Source: Arab News
Archaeologists Unearths 200,000-Year-Old Axe in Al-Ula, Marking Significant Discovery
BY: Michelle Liew
A team of archaeologists made a significant discovery in the southern city of Al-Ula, unearthing a hand axe that dates back 200,000 years, as reported by Arab News newspaper yesterday.
The excavation was led by Dr. Can and Gizem Aksoy, experts from TEOS Heritage, a heritage consulting company, who were researching ancient human life in the region of Qarah.
Qarah holds historical significance as one of the key residential areas in the Arabian Peninsula during the initial centuries of Islamic civilization, boasting numerous important archaeological sites.
The hand axe, measuring 51 centimetres in length, was crafted from soft basalt, with sharpened sides, and is believed to belong to the Palaeolithic Age, a period that concluded around 10,000 years ago.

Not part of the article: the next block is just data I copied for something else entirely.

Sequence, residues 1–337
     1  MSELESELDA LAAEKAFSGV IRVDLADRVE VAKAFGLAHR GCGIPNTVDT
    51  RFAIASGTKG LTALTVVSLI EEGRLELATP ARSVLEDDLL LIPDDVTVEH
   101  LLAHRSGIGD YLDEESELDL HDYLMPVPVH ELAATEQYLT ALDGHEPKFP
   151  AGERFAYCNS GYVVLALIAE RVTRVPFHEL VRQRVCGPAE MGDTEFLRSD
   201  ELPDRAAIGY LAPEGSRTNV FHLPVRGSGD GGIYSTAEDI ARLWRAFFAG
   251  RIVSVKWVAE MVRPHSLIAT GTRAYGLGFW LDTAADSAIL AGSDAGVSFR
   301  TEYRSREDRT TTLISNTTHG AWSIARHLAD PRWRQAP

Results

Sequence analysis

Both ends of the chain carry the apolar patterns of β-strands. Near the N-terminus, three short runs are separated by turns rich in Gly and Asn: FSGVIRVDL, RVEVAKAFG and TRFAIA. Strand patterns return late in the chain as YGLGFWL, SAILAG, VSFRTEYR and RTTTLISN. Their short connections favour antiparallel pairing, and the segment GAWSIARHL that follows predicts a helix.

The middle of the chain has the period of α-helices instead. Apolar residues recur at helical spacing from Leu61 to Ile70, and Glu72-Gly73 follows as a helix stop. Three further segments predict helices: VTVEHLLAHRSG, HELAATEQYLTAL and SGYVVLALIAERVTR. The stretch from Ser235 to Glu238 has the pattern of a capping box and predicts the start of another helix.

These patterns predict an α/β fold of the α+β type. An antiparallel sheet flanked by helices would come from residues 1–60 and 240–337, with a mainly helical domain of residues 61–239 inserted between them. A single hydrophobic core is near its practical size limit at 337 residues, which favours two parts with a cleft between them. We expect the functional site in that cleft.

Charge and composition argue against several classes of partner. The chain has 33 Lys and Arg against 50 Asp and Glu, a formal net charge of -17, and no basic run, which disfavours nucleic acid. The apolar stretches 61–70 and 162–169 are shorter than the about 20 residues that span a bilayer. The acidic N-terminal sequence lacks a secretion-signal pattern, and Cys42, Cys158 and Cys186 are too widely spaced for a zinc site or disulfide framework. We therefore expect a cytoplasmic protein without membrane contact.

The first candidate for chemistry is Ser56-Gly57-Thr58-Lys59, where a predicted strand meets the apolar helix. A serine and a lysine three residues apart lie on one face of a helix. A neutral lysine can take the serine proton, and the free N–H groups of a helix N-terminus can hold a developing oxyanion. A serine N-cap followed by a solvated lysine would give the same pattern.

This discovery adds to a collection of more than 12 similar stone tools found in the area. Ongoing research aims to delve deeper into understanding the methods of production and utilization of these ancient artifacts.
The Royal Commission for Al-Ula, responsible for deploying TEOS Heritage to the site, is overseeing 11 other archaeological projects in Al-Ula and Khaybar. This initiative is part of a broader plan to transform the region into a cultural heritage site, preserving and showcasing its rich historical legacy.